• AHA AWAD Medical Intensive Care Unit, Rashid Hospital, Dubai Health, Dubai UAE
  • AM ABDELBAKY Medical Intensive Care Unit, Rashid Hospital, Dubai Health, Dubai UAE
  • MI SHOAIB Medical Intensive Care Unit, Rashid Hospital, Dubai Health, Dubai UAE
  • WG ELMASRY Medical Intensive Care Unit, Rashid Hospital, Dubai Health, Dubai UAE



Adrenal Insufficiency, Acute Respiratory Distress Syndrome (ARDS), Chronic Obstructive Pulmonary Disease (COPD) Exacerbations, Corticosteroids, Immunomodulatory, Septic Shock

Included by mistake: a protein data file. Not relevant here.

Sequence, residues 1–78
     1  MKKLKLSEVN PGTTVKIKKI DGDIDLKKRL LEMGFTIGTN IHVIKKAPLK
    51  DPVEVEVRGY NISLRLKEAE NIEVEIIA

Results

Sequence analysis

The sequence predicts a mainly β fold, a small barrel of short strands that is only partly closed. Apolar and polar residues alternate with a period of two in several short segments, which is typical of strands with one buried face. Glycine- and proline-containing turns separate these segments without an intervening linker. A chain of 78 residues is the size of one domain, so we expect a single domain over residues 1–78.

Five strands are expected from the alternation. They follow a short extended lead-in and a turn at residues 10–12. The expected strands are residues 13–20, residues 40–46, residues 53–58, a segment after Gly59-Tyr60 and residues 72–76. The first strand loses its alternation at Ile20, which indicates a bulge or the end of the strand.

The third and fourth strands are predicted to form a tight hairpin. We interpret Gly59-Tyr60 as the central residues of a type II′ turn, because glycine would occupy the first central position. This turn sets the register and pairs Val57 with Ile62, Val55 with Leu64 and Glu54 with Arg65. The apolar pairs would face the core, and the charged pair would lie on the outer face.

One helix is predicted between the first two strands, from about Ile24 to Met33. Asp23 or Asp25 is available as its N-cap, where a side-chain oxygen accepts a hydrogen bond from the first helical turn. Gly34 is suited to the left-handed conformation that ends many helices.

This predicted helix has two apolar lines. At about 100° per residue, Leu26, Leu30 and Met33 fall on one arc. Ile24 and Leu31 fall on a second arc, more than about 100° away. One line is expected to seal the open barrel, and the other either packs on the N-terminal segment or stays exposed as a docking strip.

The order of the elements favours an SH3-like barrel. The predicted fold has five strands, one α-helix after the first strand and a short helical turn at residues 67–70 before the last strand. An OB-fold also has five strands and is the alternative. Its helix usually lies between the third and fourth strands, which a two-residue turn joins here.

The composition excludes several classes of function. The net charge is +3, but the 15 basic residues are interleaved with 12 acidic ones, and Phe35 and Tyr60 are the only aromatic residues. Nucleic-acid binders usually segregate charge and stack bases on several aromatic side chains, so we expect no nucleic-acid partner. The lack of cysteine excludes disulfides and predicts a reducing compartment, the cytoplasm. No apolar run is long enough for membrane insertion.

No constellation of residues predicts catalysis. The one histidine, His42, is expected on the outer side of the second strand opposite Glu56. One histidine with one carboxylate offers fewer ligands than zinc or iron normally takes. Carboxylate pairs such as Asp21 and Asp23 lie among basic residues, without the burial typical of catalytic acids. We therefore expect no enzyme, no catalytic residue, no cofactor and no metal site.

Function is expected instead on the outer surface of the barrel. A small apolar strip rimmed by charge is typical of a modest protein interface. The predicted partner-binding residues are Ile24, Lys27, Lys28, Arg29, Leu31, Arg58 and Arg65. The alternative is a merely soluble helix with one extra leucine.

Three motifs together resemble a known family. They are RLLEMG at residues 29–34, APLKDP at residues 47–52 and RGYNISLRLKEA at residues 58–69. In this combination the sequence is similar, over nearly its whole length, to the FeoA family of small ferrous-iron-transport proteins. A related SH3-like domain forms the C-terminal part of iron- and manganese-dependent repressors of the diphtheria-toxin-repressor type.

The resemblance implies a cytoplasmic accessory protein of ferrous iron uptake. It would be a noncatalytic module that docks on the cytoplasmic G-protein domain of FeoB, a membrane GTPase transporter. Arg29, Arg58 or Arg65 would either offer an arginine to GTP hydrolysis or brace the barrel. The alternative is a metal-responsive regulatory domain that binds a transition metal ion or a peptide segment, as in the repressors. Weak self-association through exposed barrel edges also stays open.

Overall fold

Corticosteroids are a class of drugs that mimic the effects of cortisol, a hormone naturally produced by the adrenal glands. They exert a wide range of effects on the body's immune, metabolic, and inflammatory responses. In the context of critically ill patients in the intensive care unit (ICU), corticosteroids are frequently utilised due to their potent anti-inflammatory and immunosuppressive properties. In the ICU setting, corticosteroids are commonly employed to manage various conditions such as severe sepsis, acute respiratory distress syndrome (ARDS), exacerbations of chronic obstructive pulmonary disease (COPD), and adrenal insufficiency. Their mechanism of action involves suppression of pro-inflammatory cytokines, inhibition of leukocyte migration, and stabilisation of cell membranes, among other effects. The choice of corticosteroid, dosing regimen, and duration of therapy in the ICU depends on the specific clinical condition being treated and individual patient factors. For instance, corticosteroids such as hydrocortisone are often administered to attenuate the systemic inflammatory response and improve hemodynamic stability in the management of septic shock. Dosing may vary but commonly involves an initial bolus followed by continuous infusion or intermittent dosing. In ARDS, corticosteroids may reduce lung inflammation and prevent further tissue damage. Methylprednisolone is a commonly utilised corticosteroid in this context, with dosing typically initiated at a high dose and then tapered gradually based on clinical response. For patients with exacerbations of COPD, corticosteroids help to reduce airway inflammation and improve lung function. Oral or intravenous corticosteroids such as prednisone or methylprednisolone are often prescribed for a short duration during exacerbations. In cases of adrenal insufficiency, corticosteroid replacement therapy is essential to restore physiological cortisol levels and prevent adrenal crisis. Hydrocortisone is the corticosteroid of choice in this scenario, with dosing adjusted based on the degree of adrenal dysfunction and stress level. Despite their efficacy, corticosteroids are associated with a range of potential adverse effects, including immunosuppression, hyperglycemia, fluid retention, electrolyte abnormalities, and increased risk of infection. Therefore, carefully monitoring patients receiving corticosteroid therapy in the ICU is paramount, with adjustments to minimise risks while optimising therapeutic benefits. In summary, corticosteroids play a crucial role in managing critically ill patients in the ICU, offering potent anti-inflammatory and immunomodulatory effects. However, their use requires careful consideration of the underlying condition, patient characteristics, and potential adverse effects, with dosing and duration tailored to individual needs.


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